Iran (ایران), also known as Persia, officially the Islamic Republic of Iran (جمهوری اسلامی ایران), is a sovereign state in Western Asia. With over 81 million inhabitants, Iran is the world's 18th-most-populous country. Comprising a land area of, it is the second-largest country in the Middle East and the 17th-largest in the world. Iran is bordered to the northwest by Armenia and the Republic of Azerbaijan, to the north by the Caspian Sea, to the northeast by Turkmenistan, to the east by Afghanistan and Pakistan, to the south by the Persian Gulf and the Gulf of Oman, and to the west by Turkey and Iraq. The country's central location in Eurasia and Western Asia, and its proximity to the Strait of Hormuz, give it geostrategic importance. Tehran is the country's capital and largest city, as well as its leading economic and cultural center. Iran is home to one of the world's oldest civilizations, beginning with the formation of the Elamite kingdoms in the fourth millennium BCE. It was first unified by the Iranian Medes in the seventh century BCE, reaching its greatest territorial size in the sixth century BCE, when Cyrus the Great founded the Achaemenid Empire, which stretched from Eastern Europe to the Indus Valley, becoming one of the largest empires in history. The Iranian realm fell to Alexander the Great in the fourth century BCE and was divided into several Hellenistic states. An Iranian rebellion culminated in the establishment of the Parthian Empire, which was succeeded in the third century CE by the Sasanian Empire, a leading world power for the next four centuries. Arab Muslims conquered the empire in the seventh century CE, displacing the indigenous faiths of Zoroastrianism and Manichaeism with Islam. Iran made major contributions to the Islamic Golden Age that followed, producing many influential figures in art and science. After two centuries, a period of various native Muslim dynasties began, which were later conquered by the Turks and the Mongols. The rise of the Safavids in the 15th century led to the reestablishment of a unified Iranian state and national identity, with the country's conversion to Shia Islam marking a turning point in Iranian and Muslim history. Under Nader Shah, Iran was one of the most powerful states in the 18th century, though by the 19th century, a series of conflicts with the Russian Empire led to significant territorial losses. Popular unrest led to the establishment of a constitutional monarchy and the country's first legislature. A 1953 coup instigated by the United Kingdom and the United States resulted in greater autocracy and growing anti-Western resentment. Subsequent unrest against foreign influence and political repression led to the 1979 Revolution and the establishment of an Islamic republic, a political system that includes elements of a parliamentary democracy vetted and supervised by a theocracy governed by an autocratic "Supreme Leader". During the 1980s, the country was engaged in a war with Iraq, which lasted for almost nine years and resulted in a high number of casualties and economic losses for both sides. According to international reports, Iran's human rights record is exceptionally poor. The regime in Iran is undemocratic, and has frequently persecuted and arrested critics of the government and its Supreme Leader. Women's rights in Iran are described as seriously inadequate, and children's rights have been severely violated, with more child offenders being executed in Iran than in any other country in the world. Since the 2000s, Iran's controversial nuclear program has raised concerns, which is part of the basis of the international sanctions against the country. The Joint Comprehensive Plan of Action, an agreement reached between Iran and the P5+1, was created on 14 July 2015, aimed to loosen the nuclear sanctions in exchange for Iran's restriction in producing enriched uranium. Iran is a founding member of the UN, ECO, NAM, OIC, and OPEC. It is a major regional and middle power, and its large reserves of fossil fuels – which include the world's largest natural gas supply and the fourth-largest proven oil reserves – exert considerable influence in international energy security and the world economy. The country's rich cultural legacy is reflected in part by its 22 UNESCO World Heritage Sites, the third-largest number in Asia and eleventh-largest in the world. Iran is a multicultural country comprising numerous ethnic and linguistic groups, the largest being Persians (61%), Azeris (16%), Kurds (10%), and Lurs (6%).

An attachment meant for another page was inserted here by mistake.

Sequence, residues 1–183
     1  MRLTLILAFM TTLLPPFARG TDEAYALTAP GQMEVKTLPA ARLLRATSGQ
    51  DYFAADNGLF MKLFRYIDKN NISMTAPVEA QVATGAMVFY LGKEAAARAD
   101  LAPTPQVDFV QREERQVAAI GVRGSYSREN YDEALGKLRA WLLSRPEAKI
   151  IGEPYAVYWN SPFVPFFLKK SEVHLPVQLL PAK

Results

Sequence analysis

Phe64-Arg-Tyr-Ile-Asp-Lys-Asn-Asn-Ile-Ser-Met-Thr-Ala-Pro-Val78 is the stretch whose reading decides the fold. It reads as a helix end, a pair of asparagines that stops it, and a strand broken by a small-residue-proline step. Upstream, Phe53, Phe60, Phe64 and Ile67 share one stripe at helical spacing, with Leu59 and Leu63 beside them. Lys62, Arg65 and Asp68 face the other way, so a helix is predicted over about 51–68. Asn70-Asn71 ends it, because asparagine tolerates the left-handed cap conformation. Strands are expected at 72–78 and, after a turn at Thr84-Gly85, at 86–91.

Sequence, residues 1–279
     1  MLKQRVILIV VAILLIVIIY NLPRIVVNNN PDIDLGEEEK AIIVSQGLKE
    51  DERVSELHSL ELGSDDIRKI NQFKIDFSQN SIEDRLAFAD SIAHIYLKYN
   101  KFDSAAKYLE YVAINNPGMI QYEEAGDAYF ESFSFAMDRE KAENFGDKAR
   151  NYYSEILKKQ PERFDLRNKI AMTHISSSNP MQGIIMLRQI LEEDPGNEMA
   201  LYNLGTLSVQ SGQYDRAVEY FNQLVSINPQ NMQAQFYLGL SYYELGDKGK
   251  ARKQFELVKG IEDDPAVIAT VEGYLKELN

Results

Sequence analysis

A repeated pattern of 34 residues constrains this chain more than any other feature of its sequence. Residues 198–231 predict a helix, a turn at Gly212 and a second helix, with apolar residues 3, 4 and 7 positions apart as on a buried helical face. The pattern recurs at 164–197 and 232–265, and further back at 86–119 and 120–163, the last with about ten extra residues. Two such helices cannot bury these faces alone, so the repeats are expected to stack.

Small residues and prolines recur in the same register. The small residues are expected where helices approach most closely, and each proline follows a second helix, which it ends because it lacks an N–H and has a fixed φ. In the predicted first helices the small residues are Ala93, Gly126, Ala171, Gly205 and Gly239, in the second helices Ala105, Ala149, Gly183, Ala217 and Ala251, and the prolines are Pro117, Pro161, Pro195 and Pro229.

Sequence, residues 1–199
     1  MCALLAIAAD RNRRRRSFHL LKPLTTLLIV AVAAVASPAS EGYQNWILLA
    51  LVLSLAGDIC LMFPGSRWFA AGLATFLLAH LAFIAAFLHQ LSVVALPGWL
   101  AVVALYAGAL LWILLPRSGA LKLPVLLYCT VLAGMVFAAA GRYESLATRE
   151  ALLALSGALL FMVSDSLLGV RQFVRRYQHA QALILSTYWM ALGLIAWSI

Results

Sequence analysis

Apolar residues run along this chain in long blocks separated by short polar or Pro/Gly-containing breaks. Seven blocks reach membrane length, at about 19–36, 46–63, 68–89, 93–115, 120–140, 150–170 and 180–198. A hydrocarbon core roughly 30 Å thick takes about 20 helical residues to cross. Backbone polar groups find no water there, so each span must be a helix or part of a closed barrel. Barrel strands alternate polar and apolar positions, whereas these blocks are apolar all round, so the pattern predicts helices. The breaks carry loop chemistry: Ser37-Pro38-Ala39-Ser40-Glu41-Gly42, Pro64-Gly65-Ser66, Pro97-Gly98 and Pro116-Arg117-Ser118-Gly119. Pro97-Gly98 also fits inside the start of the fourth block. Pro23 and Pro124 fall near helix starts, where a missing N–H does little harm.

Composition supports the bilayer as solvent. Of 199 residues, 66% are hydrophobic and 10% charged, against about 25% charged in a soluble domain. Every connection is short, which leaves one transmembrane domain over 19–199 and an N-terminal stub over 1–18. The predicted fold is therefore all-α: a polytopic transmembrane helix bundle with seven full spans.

The Iranian or Iranic languages are a branch of the Indo-Iranian languages in the Indo-European language family.